March 11, 2019 — Purple urchins were not getting a lot of love at the cove across Highway 1 from Van Damme State Park on Saturday morning. Urchins have an insatiable appetite for kelp and very few predators, which leads to a near-barren underwater landscape.
In the latest effort to reduce their population, 46 volunteer divers, from first-timers to pros, pried about half a ton of the ravenous herbivores off the ocean floor and sent them to a compost pile.
That population has exploded, according to Joshua Russo, president of the Watermen’s Alliance, a council of divers groups and spearfishing clubs that advocates for sustainable fisheries. Russo said the group raised $130,000 last year to hire divers to pull urchins out of four coves in Mendocino and Sonoma counties on any diveable day from January to August. Saturday’s volunteer event, also organized by the Watermen’s Alliance, was in conjunction with that months’-long effort because the hired divers, who were all on boats, couldn’t come in as shallow as the volunteers, who go in from the shore.
It’s too soon to say if the urchin removal is restoring balance to the underwater ecosystem, according to Tristin McHugh, the North Coast Regional Manager of Reef Check, an organization that collects data about reefs and kelp forests and works to make that data available to the public. But McHugh was heartened by the overwhelming display of concern for the health of the cove, which has long been a favorite abalone diving spot. Reef Check will continue monitoring areas where urchins have been removed, and working with groups like the Watermen’s Alliance and Urchinomics, an organization that seeks to restore kelp forests by making urchins commercially viable.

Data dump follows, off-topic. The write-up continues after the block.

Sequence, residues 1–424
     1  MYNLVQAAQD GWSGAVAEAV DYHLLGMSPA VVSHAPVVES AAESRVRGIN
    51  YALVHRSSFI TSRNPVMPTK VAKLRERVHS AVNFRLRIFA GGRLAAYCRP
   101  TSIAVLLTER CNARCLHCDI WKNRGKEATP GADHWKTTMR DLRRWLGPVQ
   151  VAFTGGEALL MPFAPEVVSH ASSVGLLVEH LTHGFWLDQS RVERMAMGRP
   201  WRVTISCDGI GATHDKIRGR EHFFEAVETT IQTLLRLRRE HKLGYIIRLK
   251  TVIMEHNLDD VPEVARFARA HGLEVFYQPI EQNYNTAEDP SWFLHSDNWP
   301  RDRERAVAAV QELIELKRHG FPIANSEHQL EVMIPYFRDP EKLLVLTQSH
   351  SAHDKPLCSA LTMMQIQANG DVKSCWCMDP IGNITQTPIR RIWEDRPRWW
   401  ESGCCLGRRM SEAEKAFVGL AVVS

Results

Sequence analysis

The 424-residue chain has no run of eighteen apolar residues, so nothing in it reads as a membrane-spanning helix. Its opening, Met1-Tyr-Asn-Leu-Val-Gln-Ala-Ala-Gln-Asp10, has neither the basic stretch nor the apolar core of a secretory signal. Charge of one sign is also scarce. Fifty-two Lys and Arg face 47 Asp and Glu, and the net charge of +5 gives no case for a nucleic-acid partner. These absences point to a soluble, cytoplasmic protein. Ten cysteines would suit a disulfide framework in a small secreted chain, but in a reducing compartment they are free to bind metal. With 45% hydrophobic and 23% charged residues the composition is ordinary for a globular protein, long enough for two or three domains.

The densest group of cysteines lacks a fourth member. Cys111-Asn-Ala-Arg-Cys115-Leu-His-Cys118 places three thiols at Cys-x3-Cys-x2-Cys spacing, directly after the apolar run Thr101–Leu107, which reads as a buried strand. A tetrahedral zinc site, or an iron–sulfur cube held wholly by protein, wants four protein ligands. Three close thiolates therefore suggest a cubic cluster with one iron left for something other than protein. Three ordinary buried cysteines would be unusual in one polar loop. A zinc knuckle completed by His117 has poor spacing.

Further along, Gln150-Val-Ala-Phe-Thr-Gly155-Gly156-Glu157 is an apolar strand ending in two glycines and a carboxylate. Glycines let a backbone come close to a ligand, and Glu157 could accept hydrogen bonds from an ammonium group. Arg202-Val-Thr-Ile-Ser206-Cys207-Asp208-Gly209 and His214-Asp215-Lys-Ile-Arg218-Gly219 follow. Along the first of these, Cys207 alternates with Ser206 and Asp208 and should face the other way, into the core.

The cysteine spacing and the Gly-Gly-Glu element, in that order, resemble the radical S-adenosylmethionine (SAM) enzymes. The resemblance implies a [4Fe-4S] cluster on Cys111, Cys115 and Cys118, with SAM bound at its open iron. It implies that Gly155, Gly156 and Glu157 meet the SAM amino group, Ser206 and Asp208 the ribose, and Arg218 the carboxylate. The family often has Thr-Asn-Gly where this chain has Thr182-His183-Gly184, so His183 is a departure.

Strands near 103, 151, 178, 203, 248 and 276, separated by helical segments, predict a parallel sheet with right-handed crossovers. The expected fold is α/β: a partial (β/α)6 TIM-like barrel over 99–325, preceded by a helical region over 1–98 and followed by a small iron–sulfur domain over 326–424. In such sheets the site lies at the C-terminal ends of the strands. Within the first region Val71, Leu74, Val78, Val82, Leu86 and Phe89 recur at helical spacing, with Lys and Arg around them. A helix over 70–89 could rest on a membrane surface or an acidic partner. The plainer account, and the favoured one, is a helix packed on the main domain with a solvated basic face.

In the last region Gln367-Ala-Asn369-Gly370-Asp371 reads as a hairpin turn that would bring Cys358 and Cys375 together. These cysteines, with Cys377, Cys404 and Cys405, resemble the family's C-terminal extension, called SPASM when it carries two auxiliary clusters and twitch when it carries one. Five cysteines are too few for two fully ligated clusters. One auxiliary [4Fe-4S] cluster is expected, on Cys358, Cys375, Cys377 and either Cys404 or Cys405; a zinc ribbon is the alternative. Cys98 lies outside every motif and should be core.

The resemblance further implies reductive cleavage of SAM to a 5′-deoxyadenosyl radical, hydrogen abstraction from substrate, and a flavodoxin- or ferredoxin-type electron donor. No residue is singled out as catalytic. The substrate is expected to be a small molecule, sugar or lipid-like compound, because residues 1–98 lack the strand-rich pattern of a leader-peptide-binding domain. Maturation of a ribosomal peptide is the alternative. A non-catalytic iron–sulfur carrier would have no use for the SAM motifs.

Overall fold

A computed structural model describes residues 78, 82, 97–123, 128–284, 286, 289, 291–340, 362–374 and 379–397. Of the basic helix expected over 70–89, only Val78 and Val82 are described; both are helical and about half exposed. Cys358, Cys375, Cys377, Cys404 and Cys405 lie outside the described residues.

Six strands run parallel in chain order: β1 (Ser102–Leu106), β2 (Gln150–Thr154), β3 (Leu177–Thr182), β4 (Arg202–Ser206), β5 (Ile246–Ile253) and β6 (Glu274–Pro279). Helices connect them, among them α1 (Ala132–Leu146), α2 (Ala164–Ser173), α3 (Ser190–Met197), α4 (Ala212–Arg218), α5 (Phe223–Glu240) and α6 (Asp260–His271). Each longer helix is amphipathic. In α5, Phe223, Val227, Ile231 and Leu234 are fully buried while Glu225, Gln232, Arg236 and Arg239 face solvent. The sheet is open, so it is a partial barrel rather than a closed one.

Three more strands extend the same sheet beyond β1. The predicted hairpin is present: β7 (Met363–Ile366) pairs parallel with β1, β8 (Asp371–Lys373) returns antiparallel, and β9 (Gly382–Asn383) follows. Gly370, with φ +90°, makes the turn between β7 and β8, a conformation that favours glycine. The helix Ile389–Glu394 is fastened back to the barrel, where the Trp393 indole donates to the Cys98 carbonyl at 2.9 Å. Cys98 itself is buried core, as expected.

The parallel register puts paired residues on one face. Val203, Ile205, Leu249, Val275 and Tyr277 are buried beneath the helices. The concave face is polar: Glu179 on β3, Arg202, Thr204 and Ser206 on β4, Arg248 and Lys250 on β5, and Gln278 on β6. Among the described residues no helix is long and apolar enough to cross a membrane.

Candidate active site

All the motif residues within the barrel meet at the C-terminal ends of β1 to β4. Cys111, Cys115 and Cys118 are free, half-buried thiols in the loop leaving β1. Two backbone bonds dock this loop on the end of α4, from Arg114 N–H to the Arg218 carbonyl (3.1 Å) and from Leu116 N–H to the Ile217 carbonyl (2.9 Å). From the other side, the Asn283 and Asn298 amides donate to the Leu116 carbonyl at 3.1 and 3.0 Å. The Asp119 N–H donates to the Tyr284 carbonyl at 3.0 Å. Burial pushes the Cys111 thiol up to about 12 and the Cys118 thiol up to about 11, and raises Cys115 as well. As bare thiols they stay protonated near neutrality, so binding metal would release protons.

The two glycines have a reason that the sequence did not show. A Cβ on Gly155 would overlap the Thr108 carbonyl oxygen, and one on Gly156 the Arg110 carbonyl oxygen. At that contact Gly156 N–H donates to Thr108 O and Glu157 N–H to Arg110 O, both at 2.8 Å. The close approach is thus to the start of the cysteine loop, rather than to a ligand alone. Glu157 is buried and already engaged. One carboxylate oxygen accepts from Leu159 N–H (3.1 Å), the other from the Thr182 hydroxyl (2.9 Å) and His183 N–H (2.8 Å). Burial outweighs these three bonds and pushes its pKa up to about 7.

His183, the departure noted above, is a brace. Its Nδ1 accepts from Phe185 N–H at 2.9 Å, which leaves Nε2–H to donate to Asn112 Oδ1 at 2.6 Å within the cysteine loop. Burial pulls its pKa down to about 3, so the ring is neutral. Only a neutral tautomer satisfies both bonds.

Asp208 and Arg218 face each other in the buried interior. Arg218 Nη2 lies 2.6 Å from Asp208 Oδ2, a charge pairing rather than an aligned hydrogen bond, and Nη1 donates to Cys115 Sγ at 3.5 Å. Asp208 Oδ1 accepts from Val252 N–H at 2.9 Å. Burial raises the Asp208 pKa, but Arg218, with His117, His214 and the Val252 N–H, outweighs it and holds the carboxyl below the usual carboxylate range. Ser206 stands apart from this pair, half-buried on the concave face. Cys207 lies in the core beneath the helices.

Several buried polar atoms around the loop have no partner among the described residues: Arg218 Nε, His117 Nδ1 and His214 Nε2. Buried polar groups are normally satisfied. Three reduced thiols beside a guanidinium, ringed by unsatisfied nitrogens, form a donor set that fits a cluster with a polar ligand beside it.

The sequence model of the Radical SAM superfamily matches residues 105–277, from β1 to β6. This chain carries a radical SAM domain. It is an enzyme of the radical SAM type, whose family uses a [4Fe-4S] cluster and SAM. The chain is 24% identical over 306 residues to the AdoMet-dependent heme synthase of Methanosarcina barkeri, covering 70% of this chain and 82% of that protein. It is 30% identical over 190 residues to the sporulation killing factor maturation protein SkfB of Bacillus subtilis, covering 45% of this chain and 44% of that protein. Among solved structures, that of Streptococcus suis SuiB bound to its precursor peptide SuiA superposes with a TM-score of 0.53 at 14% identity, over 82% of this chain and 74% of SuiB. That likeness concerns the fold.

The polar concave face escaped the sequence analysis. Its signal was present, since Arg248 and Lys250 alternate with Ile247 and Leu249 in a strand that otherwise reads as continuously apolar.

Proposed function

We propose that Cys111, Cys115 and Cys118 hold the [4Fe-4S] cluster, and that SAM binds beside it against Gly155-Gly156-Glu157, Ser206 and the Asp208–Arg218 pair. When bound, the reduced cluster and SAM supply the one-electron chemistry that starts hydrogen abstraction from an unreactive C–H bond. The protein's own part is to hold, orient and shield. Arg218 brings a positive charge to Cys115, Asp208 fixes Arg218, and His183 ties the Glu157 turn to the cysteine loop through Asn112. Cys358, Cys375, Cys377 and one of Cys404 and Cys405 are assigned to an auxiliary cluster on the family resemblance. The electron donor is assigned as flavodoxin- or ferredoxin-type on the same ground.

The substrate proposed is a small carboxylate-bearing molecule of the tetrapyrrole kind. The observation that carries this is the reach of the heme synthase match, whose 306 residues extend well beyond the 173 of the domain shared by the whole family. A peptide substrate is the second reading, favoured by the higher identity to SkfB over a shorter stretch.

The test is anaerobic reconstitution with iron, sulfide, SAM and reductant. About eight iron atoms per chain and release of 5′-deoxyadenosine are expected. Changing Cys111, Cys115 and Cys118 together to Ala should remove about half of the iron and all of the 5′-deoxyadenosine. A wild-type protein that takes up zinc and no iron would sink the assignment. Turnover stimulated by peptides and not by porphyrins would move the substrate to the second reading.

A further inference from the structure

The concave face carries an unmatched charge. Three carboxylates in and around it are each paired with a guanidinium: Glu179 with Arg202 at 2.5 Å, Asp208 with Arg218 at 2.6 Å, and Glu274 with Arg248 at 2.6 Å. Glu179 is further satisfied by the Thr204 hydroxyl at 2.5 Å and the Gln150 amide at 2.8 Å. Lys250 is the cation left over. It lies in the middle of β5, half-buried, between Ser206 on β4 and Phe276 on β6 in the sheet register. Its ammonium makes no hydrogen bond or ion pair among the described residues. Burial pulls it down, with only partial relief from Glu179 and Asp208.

Come with us as we take a long, cold walk on the beach and hear about data, diving, and the right way to coax an urchin out of its shell.